Black Youths Lost, White Fortunes Found

Sports Betting and the Commodification and Criminalization of Black Collegiate Athletes

Since 2018, legalized sports betting has become commonplace in several states and may soon become commonplace in others. Yet, the conversation does not end once the gambler wins or loses a bet on their favorite team’s bowl game. Instead, the unintended—but far from unforeseen—result of such legislation is the immense harm to collegiate athletes. Some athletes will make a rational choice to participate in under-the-table fixing of games. But, in response to such a choice, the student may become liable for criminal and civil violations of state law, be in breach of contracts with the NCAA and their university and lose opportunities for future play and employment. Instead of searching for the root of this problem, governments, associations, and society will look to vilify the athlete. Can one, however, truly blame an athlete for making a rational economic choice in light of their exploitation and monetization? Society will argue yes and turn back to how such betting harms the integrity of the game. With such integrity harmed, society will say the most important social cost of sports betting is the delegitimization of nationally syndicated sports. But is that truly the most important cost?

Rather than focusing on how legalized sports betting may turn away fans who become apathetic to rigged matches, academia, news, and colloquial conversations alike should instead consider the cognizable harm to collegiate athletes. The time to look past the commodification and criminalization of college athletes is gone—we must all acknowledge their vital role in the game and protect them accordingly. For, in reality, the true integrity of the game comes from the athletes and the value they bring to us all. This Article argues that the only way to prevent this immense social cost to collegiate athletes is to continue prohibiting legalized sports betting. We do not argue that this will solve the problem of commodifying and criminalizing athletes, but we hope that we will become one step closer to acknowledging the value of every athlete’s life beyond the court or field.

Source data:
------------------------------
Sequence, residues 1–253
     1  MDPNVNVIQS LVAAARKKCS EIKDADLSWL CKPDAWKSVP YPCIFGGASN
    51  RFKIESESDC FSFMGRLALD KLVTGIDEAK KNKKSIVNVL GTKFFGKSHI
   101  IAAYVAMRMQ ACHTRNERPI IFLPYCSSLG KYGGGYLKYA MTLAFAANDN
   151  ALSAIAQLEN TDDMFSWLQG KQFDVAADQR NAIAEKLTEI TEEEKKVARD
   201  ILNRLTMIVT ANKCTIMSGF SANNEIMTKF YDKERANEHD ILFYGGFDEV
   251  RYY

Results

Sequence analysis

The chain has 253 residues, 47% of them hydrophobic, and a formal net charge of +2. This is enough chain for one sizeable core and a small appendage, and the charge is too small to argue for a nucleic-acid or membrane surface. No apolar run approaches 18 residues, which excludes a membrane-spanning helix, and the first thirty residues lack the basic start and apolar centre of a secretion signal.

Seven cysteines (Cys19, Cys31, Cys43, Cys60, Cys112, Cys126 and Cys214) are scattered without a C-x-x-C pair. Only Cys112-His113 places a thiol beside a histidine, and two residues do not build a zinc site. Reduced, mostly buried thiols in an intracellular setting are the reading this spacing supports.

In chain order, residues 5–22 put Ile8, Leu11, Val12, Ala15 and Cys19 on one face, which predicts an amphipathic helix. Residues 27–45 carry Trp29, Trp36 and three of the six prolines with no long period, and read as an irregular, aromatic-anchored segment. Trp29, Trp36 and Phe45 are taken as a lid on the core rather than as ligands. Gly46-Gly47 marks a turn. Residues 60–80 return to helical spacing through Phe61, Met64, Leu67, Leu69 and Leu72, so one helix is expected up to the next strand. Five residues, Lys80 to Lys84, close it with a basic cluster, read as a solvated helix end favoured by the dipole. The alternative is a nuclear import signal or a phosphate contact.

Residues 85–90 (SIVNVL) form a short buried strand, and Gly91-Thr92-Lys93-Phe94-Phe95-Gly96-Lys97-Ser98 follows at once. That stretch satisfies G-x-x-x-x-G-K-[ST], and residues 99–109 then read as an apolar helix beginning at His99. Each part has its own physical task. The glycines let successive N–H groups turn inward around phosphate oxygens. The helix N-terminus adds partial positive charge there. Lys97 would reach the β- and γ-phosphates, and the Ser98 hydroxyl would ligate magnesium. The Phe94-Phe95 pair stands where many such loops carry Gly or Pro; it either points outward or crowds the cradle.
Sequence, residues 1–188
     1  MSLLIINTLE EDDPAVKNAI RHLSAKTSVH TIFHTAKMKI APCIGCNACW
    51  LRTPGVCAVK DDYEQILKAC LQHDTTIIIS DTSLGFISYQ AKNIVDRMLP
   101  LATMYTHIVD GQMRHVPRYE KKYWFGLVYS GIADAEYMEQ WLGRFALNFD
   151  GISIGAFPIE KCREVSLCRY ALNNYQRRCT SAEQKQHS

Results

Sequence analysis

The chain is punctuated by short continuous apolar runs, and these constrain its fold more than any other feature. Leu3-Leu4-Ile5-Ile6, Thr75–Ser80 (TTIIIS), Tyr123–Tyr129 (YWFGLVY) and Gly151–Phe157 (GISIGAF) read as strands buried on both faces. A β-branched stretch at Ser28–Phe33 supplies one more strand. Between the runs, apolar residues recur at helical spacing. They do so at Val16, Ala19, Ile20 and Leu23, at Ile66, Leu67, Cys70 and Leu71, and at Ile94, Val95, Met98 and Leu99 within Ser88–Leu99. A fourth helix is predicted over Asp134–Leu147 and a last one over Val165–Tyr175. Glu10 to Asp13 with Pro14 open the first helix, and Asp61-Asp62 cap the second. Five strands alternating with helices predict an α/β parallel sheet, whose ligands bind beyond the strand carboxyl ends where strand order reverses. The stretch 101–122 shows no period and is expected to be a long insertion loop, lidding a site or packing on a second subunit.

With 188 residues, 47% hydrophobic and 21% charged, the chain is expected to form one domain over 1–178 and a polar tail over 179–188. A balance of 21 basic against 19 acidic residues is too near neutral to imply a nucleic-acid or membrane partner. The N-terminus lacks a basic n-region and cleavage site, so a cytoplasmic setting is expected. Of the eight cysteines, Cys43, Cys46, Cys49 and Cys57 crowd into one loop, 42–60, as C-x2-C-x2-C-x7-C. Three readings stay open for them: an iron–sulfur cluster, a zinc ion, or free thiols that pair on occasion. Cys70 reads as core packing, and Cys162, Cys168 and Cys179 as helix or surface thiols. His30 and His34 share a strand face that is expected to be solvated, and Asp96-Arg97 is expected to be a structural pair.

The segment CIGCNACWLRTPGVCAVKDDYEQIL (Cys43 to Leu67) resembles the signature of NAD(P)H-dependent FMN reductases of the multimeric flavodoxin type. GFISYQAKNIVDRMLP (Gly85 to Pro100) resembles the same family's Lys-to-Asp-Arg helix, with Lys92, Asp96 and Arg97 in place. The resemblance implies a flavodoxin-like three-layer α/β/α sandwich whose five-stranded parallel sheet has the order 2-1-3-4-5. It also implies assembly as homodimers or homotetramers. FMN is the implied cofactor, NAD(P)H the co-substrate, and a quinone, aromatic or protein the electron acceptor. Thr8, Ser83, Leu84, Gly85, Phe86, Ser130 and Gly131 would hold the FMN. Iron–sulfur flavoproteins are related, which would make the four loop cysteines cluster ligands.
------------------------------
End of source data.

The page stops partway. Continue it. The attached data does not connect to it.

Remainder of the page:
a. Professor of Law, Emory University School of Law. S.J.D. 1979, L.L.M. 1968, University of Wisconsin Law School; J.D. 1967, Vanderbilt University School of Law; B.A. 1964, Washington and Jefferson College. I would like to extend my appreciation to J.W. Kindt and Marianne D’Souza.

b. J.D. 2021, Emory University School of Law; M.S. 2018, B.S. 2017, University of Texas at Dallas. I am forever indebted to the counsel of Natasha Spreadborough, whose constant validation of my research keeps me sane and motivated to change the world. Finally, the greatest appreciation goes to my late grandmother, Ursula Bratschitsch. From a displacement camp in Stuttgart, to a townhouse in Hamilton, to home in Atlanta, a woman who fought for everything and stopped for nothing. I owe my world to her. Dziękuję babcia.

The full text of this Symposium is available to download as a PDF.